Petco Park deemed safe after earthquake

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Fans at the San Diego Padres-Toronto Blue Jays baseball game Monday night were entertained with more than just a game as a 5.7 magnitude earthquake rocked Southern California.

The U.S. Geological Survey said the quake struck about 9:30 p.m. and was centered five miles southeast of Ocotillo in Imperial County, about 85 miles east of San Diego. There were no reports of significant damage in Imperial and San Diego counties.

During video coverage of the Padres game however, cameras shook and both foul poles swayed back-and-forth. Fans reportedly cheered when the public address announcer told the crowd to remain calm.

As standard operating procedure for Petco Park, engineers inspected the stadium from top-to-bottom.

"We dispatched our engineering team to conduct a visual inspection of the ballpark," said Mark Guglielmo, vice president of ballpark operations.

According to Guglielmo, Petco Park suffered no damage from the earthquake Monday or from the Easter 7.2 magnitude earthquake. He said that Petco Park is one of the safest places to be during an earthquake.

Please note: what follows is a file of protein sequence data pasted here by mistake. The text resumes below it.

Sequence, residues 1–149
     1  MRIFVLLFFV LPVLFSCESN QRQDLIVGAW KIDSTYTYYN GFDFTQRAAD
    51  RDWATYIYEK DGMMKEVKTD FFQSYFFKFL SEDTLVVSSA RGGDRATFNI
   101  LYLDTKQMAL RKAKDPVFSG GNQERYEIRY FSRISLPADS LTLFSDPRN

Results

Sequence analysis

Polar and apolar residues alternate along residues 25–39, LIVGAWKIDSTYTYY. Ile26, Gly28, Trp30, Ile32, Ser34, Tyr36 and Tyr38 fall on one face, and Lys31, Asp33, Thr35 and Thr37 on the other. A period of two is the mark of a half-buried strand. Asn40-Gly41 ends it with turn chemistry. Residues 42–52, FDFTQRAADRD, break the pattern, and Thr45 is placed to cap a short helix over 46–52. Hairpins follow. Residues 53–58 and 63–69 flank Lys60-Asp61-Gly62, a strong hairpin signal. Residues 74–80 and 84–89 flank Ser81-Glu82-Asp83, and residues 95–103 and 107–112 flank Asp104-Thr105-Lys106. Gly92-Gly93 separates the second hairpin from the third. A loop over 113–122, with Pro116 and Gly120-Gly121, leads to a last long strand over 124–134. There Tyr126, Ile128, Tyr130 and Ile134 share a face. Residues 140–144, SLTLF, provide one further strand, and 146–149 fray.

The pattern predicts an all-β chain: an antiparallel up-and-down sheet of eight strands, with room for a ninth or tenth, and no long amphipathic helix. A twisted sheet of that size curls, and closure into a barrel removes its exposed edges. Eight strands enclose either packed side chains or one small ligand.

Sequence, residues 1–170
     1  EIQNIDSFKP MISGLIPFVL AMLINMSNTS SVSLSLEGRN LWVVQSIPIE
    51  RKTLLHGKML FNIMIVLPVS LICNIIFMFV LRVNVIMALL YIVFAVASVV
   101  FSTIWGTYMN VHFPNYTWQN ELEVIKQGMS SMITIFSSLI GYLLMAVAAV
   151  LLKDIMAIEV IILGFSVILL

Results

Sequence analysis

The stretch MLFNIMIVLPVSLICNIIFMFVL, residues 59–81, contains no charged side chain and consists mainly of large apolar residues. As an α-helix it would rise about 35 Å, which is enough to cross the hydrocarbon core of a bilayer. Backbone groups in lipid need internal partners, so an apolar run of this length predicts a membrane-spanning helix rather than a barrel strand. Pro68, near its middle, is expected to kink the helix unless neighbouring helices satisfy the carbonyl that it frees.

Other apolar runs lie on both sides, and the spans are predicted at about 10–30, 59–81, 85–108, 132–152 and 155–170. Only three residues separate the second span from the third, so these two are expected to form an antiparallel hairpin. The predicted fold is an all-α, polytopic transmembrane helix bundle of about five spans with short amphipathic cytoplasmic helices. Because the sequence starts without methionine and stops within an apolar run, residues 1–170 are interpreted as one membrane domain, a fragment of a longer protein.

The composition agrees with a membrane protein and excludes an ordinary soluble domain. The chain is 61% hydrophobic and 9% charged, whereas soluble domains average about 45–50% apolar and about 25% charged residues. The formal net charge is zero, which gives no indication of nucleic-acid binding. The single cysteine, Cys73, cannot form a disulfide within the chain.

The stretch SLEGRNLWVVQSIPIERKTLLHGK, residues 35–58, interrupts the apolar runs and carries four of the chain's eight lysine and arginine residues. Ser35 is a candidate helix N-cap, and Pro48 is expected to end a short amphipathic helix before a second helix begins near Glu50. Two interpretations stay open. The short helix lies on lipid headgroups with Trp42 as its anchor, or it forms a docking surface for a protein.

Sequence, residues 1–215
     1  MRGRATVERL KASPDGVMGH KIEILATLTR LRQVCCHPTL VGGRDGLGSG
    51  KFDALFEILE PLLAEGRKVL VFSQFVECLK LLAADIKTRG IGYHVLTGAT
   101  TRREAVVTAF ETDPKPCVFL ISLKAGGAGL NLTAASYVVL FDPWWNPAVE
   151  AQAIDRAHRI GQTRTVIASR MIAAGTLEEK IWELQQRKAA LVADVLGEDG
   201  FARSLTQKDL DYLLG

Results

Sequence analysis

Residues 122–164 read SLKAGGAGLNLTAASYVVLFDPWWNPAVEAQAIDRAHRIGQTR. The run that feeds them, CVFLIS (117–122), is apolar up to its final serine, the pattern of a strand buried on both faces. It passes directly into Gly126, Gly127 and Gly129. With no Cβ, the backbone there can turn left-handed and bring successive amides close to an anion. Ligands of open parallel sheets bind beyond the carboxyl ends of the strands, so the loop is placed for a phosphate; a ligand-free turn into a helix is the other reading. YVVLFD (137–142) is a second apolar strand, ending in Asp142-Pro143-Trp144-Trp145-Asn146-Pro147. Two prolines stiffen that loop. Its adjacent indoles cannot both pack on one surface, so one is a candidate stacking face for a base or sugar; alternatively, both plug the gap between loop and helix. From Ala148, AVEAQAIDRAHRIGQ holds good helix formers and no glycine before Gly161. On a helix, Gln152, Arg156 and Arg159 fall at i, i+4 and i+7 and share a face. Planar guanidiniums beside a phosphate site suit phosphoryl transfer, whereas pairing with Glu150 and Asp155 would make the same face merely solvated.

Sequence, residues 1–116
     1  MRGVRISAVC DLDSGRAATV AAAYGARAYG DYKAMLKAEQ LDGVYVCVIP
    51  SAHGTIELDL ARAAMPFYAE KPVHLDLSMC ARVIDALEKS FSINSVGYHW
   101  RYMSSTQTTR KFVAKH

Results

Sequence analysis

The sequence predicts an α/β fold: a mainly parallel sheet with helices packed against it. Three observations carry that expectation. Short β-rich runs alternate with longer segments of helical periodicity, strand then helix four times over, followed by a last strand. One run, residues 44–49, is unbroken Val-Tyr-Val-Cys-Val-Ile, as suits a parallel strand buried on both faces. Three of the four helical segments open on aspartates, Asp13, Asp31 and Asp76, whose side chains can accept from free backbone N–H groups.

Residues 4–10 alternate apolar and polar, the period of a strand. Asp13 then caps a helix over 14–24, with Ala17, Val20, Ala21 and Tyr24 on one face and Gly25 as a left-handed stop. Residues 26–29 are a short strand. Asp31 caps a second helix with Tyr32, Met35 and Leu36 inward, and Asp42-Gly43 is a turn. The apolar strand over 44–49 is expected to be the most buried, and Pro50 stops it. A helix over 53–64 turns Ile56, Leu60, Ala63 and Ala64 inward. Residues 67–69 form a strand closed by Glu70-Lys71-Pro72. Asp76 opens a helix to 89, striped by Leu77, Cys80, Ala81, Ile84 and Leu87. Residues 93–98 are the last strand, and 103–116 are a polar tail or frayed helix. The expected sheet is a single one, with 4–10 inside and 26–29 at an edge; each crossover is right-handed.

"It's structurally designed to prevent a catastrophic failure that meets the uniform building code," he said.

Pat Abbott, a geologist, said despite the amount of aftershocks the frequency of them was normal.

"It feels like non-stop earthquakes. But if you scale them down, they're only on the order of one-percent of the Easter earthquake," he said.

According to Abbott, the reason why some residents may be feeling more earthquakes was because there are several fault lines that haven't been active for several years until recently. He said that energy was most likely being released.

"You have the Elsinore fault, from Julian, up past Lake Elsinore that's lagging behind," he said. "There's also one to the east, the San Jacinto fault, which is ready to go in about a magnitude seven."

"I would say that we will expect to see some events possibly as nearly as we saw last night over the next few weeks, but that will gradually diminish in time," said Peter Davis of the Scripps Institution of Oceanography.

According to Abbott, statistics show that there is a 59 percent chance of a 7.0 magnitude earthquake or greater will hit the area in the next 30 years and it will most likely come from the San Andreas Fault.

Copyright © 2014, Los Angeles Times
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